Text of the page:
Until someone actually orders a goodly amount of 7-9s Li7, we really have no idea how expensive it will be. But it seems it shouldn't be too bad.

_________________
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 Post subject: Re: Lithium-7
PostPosted: Jul 28, 2015 8:08 am 
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BSFusion wrote:
Kirk Sorensen wrote:
Everything about LFTR is easy compared to fusion.
So then, why persue fusion? Why, 46 years ago, did we land on the Moon?

We landed on the Moon, because we choose the Moon! We choose the Moon ... not because it was easy, but because it was hard; because that goal served to organize and measure the best of our energies and skills, because that challenge was one that we were willing to accept, one we were unwilling to postpone, and one we intended to win.


"we" did not land on the moon. You and I we will never walk on the moon. But we both use energy. That's exactly the problem with the moon analogy. A handful of elite astronauts landed on the moon, at costs of billions of dollars per human.

The energy problem is not about a handful of people doing something remarkable. It affects us all. We need a solution for that works not for 10 people, but for 10 billion.

Whole different ballgame. All of a sudden you can't just throw more money at the problem; the energy solution must be cheap so we can all afford it. With the moon program, more money throwing was the solution. With the energy problem, more money throwing quickly becomes the problem. Would we be happy if fusion works reliably, but costs $100/Watt? I think not. We'd say "wow" at the first working prototype. And then continue to burn coal.


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 Post subject: Re: Lithium-7
PostPosted: Aug 03, 2015 7:02 am 
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Well said. A nuclear power plant has to compete with other power plants, irrespective of energy source. Consider this phased approach.
One. The PWRs are run on fuel bundles with 20%LEU core and thorium blanket. They continue to produce power with longer lasting fuel.
Two. Irradiated thorium pins are reprocessed separately. 233U is produced.
Three. An MSR or LFTR is run with Th 233U fuel and FNaBe carrier salt. It could be a breeder or near breeder.
Perhaps the Chinese will take a hint.


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 Post subject: Re: Lithium-7
PostPosted: Aug 06, 2015 12:57 pm 
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I think that Thorcon and Terrestrial Energy have the right idea. Any nuclear is better than coal, get the technology deployed as FAST and WIDELY as POSSIBLE. Once the MSR technologies are commercialized and accepted, investment in LFTR and related systems will become much easier.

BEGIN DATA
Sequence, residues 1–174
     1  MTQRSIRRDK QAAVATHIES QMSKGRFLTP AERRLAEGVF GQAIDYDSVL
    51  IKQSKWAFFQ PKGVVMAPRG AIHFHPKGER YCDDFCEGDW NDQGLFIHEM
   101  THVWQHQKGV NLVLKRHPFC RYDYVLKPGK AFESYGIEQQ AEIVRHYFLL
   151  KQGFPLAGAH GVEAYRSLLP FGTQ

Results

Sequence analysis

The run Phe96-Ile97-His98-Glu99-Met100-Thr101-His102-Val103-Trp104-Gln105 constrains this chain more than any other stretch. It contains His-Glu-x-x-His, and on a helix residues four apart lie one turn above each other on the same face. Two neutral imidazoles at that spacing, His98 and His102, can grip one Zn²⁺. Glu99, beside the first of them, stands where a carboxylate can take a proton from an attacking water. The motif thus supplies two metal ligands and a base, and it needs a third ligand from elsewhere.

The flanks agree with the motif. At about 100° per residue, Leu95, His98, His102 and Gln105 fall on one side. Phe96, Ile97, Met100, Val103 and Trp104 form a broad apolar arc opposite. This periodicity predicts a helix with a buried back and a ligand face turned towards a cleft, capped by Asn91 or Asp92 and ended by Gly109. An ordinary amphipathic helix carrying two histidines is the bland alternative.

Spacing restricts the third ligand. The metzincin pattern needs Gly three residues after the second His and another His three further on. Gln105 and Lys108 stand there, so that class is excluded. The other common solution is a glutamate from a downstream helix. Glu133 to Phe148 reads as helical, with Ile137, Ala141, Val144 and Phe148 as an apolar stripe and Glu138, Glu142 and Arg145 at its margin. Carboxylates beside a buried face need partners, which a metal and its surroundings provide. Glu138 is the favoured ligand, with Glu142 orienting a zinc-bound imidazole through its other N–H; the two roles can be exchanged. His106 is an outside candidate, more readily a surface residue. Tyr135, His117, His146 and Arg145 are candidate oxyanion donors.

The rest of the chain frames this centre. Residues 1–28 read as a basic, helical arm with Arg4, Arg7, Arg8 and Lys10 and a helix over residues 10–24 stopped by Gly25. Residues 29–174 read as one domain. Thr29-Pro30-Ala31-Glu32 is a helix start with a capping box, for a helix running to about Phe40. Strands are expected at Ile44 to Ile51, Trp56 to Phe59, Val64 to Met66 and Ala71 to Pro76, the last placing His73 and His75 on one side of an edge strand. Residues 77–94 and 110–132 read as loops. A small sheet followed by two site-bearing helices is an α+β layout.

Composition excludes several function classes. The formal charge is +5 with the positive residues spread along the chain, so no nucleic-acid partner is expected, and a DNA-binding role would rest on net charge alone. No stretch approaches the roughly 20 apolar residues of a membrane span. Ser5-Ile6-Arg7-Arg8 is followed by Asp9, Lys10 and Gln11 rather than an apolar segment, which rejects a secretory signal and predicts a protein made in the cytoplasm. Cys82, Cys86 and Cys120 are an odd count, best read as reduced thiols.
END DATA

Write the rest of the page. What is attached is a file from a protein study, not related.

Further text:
I also think the Li7, will be viable, but it will require a large upfront investment to make it economical. When the MSR’s are commercialized and there is a clear path forward to LFTR that will enable that to happen.


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 Post subject: Re: Lithium-7
PostPosted: Aug 07, 2015 4:35 am 
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michael.runyan wrote:
I think that Thorcon and Terrestrial Energy have the right idea. Any nuclear is better than coal, get the technology deployed as FAST and WIDELY as POSSIBLE. Once the MSR technologies are commercialized and accepted, investment in LFTR and related systems will become much easier.

There is one more requirement where nuclear is getting a beating in the US. Economy. We must quickly develop a SiC or NiF2 enamel to counter salt corrosion. Stick to easier salts, even if it requires a fast spectrum. Either do without a moderator or reverse the Candu with water/HW moderator in tubes. Coolant could be a separate system.
Let us see who does the obvious first.


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 Post subject: Re: Lithium-7
PostPosted: Aug 07, 2015 8:26 am 
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What 7Li enrichment is actually required for say a DMSR?
(I understand as high as possible is wanted for tritium containment reasons, but what do we actually need).


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 Post subject: Re: Lithium-7
PostPosted: Aug 07, 2015 9:23 am 
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E Ireland wrote:
What 7Li enrichment is actually required for say a DMSR?
(I understand as high as possible is wanted for tritium containment reasons, but what do we actually need).


The economic optimum is quite high. If you have the enrichment tech available, you can run it at higher enrichment (lower product output). Higher is also beneficial for the reactivity coefficient... so the safety optimum is also quite high. Li6 is a powerful absorber.


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 Post subject: Re: Lithium-7
PostPosted: Aug 07, 2015 10:08 am 
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Unfortunately the only really available-in-the-west technology of crown ether extraction is apparently not very amenable to the SWU approximation, you can't stack it really.